Intimidating. That’s a tricky area for home defense. With a weapon that’s intimidating to look at, it’s possible you could avert an attacker without ever firing a shot. That’s a good thing. But suppose you do have to fire. Suppose you kill a home intruder with a weapon that’s designed to be good at defending your home? You will almost invariably wind up in court, defending yourself against criminal charges for taking a life. An article from the United States Concealed Carry Association suggested recently that if you’ve used a purpose built machine like this pseudo-tactical shotgun, you’re more likely to do time for it, because the prosecution will attempt to persuade the jury that you wanted to kill someone. “Why else would he have a gun that’s only good for doing that?” they might say. I agree with the USCCA that there is that possibility. However, I also cry bullshit.
Let me be clear as Swarovski here: no one associated with All for Gun has any desire to kill anyone, in any situation or for any reason. We do, however, desire and value the right to defend our families, ourselves, and our homes against potentially deadly attackers, should the need arise. And if it comes down to us or them, it’s going to be them if we can help it. Using a purpose built weapon for defense increases the likelihood of it being them instead of you or a loved one. It increases your chances of survival. Not to be violating our policy of “no politics” here, but consider the argument.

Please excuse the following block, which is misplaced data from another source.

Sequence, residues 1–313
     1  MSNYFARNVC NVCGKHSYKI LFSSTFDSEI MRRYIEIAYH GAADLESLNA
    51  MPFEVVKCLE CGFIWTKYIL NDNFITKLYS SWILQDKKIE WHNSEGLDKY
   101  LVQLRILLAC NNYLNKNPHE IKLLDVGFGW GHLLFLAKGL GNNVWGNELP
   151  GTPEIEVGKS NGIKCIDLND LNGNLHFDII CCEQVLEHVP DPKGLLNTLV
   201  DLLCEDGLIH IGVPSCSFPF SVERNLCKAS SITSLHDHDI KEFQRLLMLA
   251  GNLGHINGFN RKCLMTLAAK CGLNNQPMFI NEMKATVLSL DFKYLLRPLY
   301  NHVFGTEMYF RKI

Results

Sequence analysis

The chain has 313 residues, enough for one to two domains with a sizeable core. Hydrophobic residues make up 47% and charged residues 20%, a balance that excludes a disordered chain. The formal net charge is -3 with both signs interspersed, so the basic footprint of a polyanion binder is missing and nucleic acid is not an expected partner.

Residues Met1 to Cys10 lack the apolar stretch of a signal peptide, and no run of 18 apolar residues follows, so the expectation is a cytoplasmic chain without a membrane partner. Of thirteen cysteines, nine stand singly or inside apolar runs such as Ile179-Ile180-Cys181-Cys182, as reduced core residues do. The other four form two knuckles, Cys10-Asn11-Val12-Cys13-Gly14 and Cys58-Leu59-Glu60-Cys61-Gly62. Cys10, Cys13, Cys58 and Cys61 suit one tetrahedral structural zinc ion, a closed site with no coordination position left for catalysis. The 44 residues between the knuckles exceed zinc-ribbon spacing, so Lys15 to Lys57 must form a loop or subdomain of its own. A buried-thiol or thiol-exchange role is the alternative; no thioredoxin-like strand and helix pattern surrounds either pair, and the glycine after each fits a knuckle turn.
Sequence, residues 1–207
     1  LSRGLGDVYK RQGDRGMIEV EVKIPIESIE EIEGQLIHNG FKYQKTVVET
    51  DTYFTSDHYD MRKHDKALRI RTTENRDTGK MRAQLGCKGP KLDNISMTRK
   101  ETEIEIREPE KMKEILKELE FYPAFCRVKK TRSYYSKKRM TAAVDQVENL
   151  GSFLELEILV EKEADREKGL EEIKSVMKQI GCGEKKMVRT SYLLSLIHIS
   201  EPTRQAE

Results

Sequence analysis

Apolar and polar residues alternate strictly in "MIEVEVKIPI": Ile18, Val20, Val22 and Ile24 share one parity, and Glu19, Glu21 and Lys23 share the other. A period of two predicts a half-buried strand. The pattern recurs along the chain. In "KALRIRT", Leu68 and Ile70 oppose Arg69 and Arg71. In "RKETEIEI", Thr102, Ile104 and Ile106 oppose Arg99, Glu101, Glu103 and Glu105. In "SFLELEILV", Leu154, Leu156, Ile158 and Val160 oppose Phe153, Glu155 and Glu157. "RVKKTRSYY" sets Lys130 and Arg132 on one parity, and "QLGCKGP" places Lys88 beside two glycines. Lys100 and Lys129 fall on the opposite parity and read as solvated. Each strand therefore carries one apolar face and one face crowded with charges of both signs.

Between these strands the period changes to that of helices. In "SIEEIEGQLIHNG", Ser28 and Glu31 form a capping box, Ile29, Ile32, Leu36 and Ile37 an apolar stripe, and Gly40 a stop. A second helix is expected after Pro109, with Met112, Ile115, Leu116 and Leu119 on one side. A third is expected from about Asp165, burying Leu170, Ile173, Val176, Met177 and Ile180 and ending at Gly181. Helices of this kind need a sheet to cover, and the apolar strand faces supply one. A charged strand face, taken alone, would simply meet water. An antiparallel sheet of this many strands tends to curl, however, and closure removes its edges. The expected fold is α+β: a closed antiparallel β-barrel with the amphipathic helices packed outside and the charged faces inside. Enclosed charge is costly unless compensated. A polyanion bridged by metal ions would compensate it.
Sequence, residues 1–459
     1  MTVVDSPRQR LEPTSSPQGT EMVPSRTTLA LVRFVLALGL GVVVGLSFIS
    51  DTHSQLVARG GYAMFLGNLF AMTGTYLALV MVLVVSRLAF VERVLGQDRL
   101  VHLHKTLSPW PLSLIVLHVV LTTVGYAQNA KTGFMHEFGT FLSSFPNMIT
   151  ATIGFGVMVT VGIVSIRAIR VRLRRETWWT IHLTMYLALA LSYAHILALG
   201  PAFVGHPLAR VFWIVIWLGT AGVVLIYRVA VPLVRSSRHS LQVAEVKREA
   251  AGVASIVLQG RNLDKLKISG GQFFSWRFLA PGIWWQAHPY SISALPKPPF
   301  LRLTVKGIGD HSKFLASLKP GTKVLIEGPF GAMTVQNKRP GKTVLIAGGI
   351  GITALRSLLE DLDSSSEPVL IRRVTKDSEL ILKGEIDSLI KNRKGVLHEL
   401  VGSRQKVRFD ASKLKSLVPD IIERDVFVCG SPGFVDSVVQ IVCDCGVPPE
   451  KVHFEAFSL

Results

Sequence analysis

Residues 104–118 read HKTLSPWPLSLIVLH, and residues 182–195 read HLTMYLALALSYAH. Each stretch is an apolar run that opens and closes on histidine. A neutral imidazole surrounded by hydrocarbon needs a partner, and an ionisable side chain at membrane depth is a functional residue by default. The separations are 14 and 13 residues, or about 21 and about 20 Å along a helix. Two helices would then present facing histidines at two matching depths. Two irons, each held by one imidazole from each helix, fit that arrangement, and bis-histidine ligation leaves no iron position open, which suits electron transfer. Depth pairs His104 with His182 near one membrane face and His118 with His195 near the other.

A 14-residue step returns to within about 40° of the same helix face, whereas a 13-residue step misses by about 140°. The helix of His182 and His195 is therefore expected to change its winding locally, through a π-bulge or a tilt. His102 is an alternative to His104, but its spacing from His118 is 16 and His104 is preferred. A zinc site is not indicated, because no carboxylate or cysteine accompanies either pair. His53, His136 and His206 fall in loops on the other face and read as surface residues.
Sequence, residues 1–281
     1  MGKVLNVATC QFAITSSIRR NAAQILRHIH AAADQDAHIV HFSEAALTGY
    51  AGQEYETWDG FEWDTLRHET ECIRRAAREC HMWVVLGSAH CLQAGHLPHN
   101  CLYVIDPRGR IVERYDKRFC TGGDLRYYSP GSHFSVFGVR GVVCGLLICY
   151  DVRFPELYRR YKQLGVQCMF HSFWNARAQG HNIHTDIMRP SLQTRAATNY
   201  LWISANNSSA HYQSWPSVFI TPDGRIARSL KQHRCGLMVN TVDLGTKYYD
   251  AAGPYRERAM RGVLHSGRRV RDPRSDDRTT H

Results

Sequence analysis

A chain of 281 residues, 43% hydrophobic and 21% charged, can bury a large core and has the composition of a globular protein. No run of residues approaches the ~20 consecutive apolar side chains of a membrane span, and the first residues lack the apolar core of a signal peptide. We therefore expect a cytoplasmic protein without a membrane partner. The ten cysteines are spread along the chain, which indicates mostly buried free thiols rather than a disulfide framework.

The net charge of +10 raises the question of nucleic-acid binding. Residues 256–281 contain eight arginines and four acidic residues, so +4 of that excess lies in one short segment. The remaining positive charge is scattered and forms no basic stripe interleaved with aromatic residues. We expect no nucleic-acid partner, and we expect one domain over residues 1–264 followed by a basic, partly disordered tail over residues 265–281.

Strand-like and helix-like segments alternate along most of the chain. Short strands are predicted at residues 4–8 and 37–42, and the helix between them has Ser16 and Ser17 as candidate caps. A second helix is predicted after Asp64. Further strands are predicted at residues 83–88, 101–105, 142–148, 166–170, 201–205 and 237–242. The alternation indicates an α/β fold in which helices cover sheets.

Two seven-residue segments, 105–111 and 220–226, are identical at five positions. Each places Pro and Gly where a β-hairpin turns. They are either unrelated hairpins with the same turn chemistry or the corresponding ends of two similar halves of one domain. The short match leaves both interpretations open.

Would you rather be driving a Corvette or a Chevy Malibu if you suddenly had a psycho with road rage start chasing you down the interstate, trying to run you off the road? It sure would be a lot easier to get away if you were in a Corvette, not to mention less likely to wreck yourself at that speed. Why? The Corvette is made specifically to go fast. Suppose you were stopped and arrested for speeding while being chased by the psycho. Would the judge be easier on you for going 120 mph if you were in a Malibu instead of a Corvette? Should he be? Would he be understanding of your situation of trying to escape a road-rage-psycho, and let you off the hook for doing what had to be done for your own protection?
Sure, you can use a sporting purpose shotgun to defend yourself. It’ll shoot. But it has less capacity in case you miss a few times and are still being attacked. It has a longer barrel, which is more likely to snag on things like lamps, and limit your ability to maneuver well in a possibly dark, cramped hallway or bedroom. The light? That not only illuminates the target and adds to the intimidation factor that might keep you from having to fire a shot, but it also serves as a sighting aid for a wide-pattern shotgun. At short distances, anything lit in the central circle made by that light is going to be pulverized should you pull the trigger with 12ga buckshot in the chamber of an 18″ cylinder bore shotgun.
Tactical/defensive weapons are like sports cars. You don’t need all that for everyday use. But, it sure is nice to know it’s there waiting in case you do. I’d rather have a good lawyer and a better chance at staying alive in the moment of need than to compromise my ability to stay alive so that prosecutors can’t scare jury members with pictures of my gun.